HOPKINTON, Mass. - In an end to a two-year-long investigation, the former director of Hopkinton's Greyhound Friends Louise Coleman is ordered by the Attorney Generals Office to pay back $40,000 she took from the charity for personal use.
It comes one year after the state barred her from having any contact with the adoption agency she founded. Officials shut down Greyhound Friends for unsanitary conditions before Coleman took a leave of absence, and then was fired in 2017.
"I'm very happy about it. Miss Coleman can never be involved in any charitable work so it's a win," said Stephen Bassignani.
Bassignani is one of several critics who hoped for this outcome. He says he first recognized problems at the kennel when Coleman asked him to help with a pit bull – he says the dog was sick and had been neglected for months.
"I started peeling the onion back and it seemed to be a common occurrence," said Bassignani.
In February of last year, the state shut down Greyhound Friends and the Town of Hopkinton suspended its license. The state sent a cease and desist letter, demanding they bring the kennel up to standards.
Coleman was charged with animal cruelty but acquitted – then the records were sealed.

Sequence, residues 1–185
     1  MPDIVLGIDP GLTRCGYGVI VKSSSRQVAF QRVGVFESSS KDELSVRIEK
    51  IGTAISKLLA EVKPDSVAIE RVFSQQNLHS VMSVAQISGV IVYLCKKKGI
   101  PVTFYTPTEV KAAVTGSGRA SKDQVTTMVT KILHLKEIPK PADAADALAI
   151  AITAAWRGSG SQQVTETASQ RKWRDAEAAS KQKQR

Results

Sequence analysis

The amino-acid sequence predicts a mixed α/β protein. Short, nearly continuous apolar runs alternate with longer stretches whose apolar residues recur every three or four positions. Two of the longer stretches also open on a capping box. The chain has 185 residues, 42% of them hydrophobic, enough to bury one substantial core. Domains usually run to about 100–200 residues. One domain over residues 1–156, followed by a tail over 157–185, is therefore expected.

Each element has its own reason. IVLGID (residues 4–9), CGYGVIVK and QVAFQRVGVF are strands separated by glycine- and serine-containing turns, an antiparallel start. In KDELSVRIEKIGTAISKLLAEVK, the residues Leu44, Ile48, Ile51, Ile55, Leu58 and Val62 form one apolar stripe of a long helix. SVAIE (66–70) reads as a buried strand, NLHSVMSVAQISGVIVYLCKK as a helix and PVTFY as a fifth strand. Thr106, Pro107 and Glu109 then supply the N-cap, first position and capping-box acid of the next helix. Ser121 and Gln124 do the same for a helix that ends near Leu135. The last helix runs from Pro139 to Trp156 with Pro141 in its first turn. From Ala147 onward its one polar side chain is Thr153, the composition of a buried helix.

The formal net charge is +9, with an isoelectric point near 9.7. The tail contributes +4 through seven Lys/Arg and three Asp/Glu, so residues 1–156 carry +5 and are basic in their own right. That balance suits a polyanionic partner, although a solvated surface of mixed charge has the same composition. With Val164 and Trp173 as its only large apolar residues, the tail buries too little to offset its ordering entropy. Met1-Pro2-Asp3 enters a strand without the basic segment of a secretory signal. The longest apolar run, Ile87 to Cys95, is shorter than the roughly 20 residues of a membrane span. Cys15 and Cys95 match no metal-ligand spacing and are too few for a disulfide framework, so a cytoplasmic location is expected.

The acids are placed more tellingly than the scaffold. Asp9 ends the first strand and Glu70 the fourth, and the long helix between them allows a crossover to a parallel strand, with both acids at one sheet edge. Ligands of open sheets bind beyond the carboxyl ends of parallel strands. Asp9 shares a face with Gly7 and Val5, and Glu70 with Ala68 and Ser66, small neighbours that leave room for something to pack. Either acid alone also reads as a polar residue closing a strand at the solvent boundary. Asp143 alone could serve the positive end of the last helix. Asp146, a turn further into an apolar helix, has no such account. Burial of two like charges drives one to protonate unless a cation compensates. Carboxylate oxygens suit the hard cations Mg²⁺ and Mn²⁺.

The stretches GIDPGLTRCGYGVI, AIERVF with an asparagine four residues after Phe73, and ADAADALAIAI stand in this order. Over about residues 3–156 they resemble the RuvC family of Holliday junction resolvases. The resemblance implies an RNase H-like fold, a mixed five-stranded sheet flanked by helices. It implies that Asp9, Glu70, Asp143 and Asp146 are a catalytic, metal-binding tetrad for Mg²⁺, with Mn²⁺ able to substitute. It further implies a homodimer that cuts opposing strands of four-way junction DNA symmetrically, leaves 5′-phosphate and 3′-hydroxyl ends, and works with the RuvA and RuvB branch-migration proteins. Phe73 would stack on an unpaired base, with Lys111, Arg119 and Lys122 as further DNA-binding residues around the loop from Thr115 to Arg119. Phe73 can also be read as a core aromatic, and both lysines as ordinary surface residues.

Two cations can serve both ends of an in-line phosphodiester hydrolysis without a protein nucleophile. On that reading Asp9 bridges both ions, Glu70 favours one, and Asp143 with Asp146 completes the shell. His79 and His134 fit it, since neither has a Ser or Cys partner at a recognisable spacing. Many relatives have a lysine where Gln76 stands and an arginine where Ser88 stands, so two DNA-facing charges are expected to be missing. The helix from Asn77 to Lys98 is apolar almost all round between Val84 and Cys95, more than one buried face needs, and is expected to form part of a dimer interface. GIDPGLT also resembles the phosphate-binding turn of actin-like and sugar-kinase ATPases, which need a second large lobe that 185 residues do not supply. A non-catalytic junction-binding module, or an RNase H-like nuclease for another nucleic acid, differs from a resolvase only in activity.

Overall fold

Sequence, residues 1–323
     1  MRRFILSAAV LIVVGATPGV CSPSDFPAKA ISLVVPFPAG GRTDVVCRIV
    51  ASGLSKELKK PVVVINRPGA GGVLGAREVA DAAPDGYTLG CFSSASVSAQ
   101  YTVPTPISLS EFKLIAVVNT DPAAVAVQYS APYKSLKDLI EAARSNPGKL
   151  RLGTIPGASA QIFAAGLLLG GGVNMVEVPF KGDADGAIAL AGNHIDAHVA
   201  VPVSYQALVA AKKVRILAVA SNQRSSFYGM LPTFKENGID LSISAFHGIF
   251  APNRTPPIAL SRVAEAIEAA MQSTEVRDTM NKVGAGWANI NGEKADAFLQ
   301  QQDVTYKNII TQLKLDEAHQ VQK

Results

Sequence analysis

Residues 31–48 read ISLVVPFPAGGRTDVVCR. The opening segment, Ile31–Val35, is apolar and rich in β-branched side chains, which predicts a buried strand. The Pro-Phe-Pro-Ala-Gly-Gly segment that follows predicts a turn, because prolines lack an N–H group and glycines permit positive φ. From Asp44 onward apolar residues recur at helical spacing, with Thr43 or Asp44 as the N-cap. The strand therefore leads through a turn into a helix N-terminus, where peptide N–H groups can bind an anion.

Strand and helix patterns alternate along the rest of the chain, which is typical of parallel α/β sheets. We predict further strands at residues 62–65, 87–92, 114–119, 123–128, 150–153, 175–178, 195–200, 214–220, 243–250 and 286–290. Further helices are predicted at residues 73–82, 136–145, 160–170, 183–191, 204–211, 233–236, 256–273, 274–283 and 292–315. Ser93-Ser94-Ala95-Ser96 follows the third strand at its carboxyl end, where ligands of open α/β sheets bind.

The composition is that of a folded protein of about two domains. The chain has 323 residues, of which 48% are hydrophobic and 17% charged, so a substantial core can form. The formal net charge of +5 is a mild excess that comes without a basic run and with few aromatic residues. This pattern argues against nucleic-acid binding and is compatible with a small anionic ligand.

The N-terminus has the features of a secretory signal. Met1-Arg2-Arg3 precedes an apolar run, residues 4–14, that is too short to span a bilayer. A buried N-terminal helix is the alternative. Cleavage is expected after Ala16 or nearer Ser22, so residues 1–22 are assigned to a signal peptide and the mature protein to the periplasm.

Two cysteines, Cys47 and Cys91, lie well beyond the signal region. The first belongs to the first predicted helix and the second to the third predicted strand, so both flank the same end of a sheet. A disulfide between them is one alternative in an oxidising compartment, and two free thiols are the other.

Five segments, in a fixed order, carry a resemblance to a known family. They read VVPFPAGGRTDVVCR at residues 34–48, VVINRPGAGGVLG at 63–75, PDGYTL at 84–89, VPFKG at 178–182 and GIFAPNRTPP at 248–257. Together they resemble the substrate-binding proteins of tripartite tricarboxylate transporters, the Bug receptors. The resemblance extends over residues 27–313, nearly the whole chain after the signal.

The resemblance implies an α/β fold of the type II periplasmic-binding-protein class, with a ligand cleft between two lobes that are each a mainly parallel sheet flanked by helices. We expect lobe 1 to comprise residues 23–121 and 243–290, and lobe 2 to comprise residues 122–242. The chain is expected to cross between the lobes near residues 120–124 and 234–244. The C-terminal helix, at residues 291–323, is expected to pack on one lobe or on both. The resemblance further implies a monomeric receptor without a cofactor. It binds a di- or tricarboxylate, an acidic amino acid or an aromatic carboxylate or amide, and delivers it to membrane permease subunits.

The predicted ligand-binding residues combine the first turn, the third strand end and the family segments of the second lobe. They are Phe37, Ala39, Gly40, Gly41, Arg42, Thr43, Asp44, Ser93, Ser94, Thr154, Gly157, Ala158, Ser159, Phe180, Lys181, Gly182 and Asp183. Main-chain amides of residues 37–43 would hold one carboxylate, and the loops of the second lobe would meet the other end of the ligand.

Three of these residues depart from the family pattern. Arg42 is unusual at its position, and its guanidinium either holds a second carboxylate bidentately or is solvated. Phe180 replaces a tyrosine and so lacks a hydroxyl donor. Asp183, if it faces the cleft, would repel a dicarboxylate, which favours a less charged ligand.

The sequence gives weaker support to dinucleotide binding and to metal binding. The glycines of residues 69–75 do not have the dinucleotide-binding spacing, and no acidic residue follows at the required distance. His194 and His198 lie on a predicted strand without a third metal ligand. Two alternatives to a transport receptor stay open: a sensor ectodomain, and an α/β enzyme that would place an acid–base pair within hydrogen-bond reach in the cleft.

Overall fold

Now, Coleman will have to pay back the funds she took and the board will have to keep meticulous records. The settlement also imposes staggered board terms and term limits. It's the only way Bassignani sees change coming to Greyhound Friends.
"It's hard for me to believe that things will change unless they have a complete change of management," said Bassignani.
Coleman and Greyhound Friends declined to speak on camera but Greyhound Friends board of director issued a statement which reads:
"Over the past 35 years, Greyhound Friends has rehomed over 10,000 dogs and engaged in results-driven education and advocacy improving the safety and welfare of this unique breed."
The Hopkinton Board of Selectmen will decide on September 11 whether to issue them a license.
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